The SGOT test is a blood test. It helps to determine how well the liver is functioning by measuring levels of aspartate aminotransferase in the blood. Too much of this enzyme can indicate a problem, such as liver damage.
Aspartate aminotransferase (AST) is an enzyme primarily found in the liver and heart. To a lesser degree, it is also present in other parts of the body, including the kidneys and muscles. This enzyme is also called serum glutamic-oxaloacetic transaminase (SGOT).
Most people have low levels of this enzyme. However, when liver cells are damaged or hurt, they excrete extra AST into the blood.
When the test results are in, a person’s SGOT ranges may be classified as normal, high, or low. These ranges vary, depending on a person’s sex. Normal ranges also differ among laboratories.
However, doctors tend to accept the following ranges as normal:
- Males: 10 to 40 units per liter (U/L)
- Females: 9 to 32 U/L
The doctor may test for levels of another liver enzyme at the same time. This enzyme is called alanine aminotransferase (ALT). If both ALT and SGOT levels are high, it may indicate that a person has one of the following conditions:
- extensive liver damage from toxins like alcohol or over-the-counter painkillers
- acute hepatitis
- gallbladder disease
- in pregnant women, preeclampsia or HELLP syndrome, which is defined by its characteristics — hemolysis, elevated liver enzymes, and low platelet count.
High SGOT levels without high ALT levels can indicate the following problems:
If the results of the test show high levels of SGOT, the liver or another organ that produces the enzyme may be damaged due to illness or injury.
Doctors primarily use the SGOT test to check for and assess liver problems. The SGOT protein is mainly manufactured in the liver. When the liver is damaged or ill, SGOT can leak from the liver into the bloodstream. When this happens, levels in the blood will be higher than normal.
If a person has heart or kidney problems, levels of SGOT may be particularly high. To rule these issues out, doctors often order a check of the second liver enzyme, ALT, at the same time. If both levels are high, it indicates a problem with a person’s liver. If only SGOT levels are high, this may indicate a problem with another organ or system.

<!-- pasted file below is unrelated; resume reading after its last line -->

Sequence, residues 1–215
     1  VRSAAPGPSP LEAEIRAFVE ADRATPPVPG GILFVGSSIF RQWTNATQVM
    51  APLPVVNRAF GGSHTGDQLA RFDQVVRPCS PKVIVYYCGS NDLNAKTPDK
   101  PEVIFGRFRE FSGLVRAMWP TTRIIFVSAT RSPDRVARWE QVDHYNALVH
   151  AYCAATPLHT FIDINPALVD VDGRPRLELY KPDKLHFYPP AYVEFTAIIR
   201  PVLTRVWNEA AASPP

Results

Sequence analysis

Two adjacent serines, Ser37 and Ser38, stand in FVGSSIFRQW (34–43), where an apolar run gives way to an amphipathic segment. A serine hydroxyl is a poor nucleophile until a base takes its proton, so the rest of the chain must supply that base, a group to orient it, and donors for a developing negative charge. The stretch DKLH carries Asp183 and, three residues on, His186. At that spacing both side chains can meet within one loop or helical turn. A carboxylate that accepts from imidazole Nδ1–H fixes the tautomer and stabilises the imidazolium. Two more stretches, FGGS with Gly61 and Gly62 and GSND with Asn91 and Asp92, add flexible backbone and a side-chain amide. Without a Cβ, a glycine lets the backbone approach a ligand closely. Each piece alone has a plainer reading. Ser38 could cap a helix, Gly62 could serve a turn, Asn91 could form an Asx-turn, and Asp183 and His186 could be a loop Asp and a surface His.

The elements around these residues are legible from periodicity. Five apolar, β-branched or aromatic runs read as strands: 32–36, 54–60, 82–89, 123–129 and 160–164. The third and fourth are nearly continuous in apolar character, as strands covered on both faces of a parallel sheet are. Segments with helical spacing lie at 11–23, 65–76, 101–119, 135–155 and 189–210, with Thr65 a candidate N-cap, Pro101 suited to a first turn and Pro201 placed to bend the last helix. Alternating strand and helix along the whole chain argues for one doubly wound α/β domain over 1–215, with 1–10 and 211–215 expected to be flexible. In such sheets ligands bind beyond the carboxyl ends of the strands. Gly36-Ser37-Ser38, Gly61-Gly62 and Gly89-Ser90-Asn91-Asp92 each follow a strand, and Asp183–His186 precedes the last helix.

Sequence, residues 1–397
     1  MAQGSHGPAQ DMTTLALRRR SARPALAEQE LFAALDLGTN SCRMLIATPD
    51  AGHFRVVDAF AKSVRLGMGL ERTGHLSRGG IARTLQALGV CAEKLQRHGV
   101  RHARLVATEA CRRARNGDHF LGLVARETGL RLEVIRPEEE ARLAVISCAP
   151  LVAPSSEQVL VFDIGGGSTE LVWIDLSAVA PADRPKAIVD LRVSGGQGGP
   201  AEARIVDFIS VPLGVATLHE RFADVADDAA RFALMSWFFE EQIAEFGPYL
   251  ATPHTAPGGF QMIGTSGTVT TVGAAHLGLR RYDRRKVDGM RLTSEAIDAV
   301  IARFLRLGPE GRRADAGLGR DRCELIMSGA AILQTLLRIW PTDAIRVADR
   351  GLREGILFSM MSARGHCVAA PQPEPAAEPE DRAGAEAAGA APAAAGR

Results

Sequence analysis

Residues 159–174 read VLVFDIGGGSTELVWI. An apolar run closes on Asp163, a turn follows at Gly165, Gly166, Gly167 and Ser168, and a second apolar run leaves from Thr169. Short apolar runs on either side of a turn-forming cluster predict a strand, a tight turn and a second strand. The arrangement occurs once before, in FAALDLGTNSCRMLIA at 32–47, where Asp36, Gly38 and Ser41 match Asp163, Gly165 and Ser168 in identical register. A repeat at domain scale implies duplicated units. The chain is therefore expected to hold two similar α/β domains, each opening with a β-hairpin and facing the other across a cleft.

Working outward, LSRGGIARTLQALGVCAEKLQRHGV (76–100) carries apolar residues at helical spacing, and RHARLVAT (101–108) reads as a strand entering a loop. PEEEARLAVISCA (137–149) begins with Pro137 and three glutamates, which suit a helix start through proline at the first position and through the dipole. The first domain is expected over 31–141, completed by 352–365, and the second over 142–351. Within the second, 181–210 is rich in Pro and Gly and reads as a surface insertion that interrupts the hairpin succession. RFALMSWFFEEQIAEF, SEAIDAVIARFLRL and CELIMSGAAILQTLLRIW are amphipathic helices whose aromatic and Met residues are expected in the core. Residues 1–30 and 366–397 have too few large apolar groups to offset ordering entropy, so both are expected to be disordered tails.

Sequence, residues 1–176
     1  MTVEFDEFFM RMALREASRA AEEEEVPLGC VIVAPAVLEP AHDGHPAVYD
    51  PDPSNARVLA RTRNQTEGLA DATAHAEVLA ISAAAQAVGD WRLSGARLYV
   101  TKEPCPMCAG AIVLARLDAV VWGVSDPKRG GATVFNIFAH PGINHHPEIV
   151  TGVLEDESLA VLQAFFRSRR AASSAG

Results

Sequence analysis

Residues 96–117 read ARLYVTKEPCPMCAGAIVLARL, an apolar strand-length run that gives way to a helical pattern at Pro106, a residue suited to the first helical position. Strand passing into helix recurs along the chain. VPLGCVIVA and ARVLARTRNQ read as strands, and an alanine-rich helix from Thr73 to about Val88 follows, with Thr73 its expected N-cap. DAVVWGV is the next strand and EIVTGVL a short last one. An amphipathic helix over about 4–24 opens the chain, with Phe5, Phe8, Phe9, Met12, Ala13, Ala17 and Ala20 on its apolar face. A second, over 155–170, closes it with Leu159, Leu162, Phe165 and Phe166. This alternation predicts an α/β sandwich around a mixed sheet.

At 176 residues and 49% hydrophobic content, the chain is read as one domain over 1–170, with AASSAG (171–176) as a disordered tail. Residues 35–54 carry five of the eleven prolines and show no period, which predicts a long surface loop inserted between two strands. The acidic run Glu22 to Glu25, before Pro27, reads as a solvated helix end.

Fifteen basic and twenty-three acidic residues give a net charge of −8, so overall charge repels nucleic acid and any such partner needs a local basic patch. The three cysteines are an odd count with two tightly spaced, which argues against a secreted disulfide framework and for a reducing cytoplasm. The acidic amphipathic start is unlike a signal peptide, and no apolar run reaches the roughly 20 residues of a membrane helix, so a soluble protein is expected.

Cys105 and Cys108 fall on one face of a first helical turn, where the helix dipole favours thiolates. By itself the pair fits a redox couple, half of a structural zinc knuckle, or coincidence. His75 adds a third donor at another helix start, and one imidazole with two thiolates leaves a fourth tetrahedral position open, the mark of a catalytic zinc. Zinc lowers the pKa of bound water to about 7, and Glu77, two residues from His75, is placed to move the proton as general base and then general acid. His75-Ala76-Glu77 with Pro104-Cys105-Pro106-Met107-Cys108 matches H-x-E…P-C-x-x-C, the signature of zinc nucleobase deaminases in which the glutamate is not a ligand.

Doctors commonly order the test if they suspect that a person has any of the following conditions:
The SGOT test is very straightforward, and a person can expect it to be like any other blood test. A technician will seat the person in a chair and tie an elastic band around their arm.
The technician will then examine the arm for a suitable vein. After finding the vein, they will clean the site with an alcohol swab.
The technician will then insert a small needle into the vein and draw blood. The draw will not take long, only a couple of minutes.
When a vial has filled with blood, the technician will remove the needle and instruct the person to hold a gauze against the site of the insertion. The technician will remove the elastic band and secure the gauze with medical tape.
Because the SGOT test is straightforward, no special preparation is necessary. However, a person can take steps to ensure that the test goes smoothly.
Avoid over-the-counter medications, including pain relievers such as ibuprofen or acetaminophen, for 2 days before the SGOT test. If the test is performed without notice, a person should let their doctor know that they have recently taken over-the-counter medication.
Stay hydrated before any blood test. Drinking plenty of water on the day of the test can make blood easier to draw.
Wear a loose-fitting or short-sleeve shirt, to allow easier access to the veins in the elbow.
As with any blood test, very few risks are associated with the SGOT test. They include:
- bleeding at the site of the blood draw
- minor bruising
- feeling faint
A person is less likely to feel faint if they are well hydrated. Bleeding and bruising at the site are normally very minor and tend to resolve on their own.
A doctor will often order tests that coincide with the SGOT test or follow it. This is to help ensure proper diagnosis and determine the best course of treatment. These tests may include:
- Platelet count: Low platelet levels may indicate liver disease or, during pregnancy, HELLP syndrome.
- Coagulation panel: This measures the functioning of clotting-related proteins that the liver produces.
- Complete metabolic panel: This assesses how well the kidneys and liver are working and shows levels of electrolytes.
- Bilirubin test: This checks levels of a byproduct created when the liver breaks down red blood cells.
- Glucose test: When the liver is not working well, glucose levels may be low.
A doctor can take a closer look at a person’s liver with an ultrasound scan. The extent of follow-up testing will depend on a person’s results.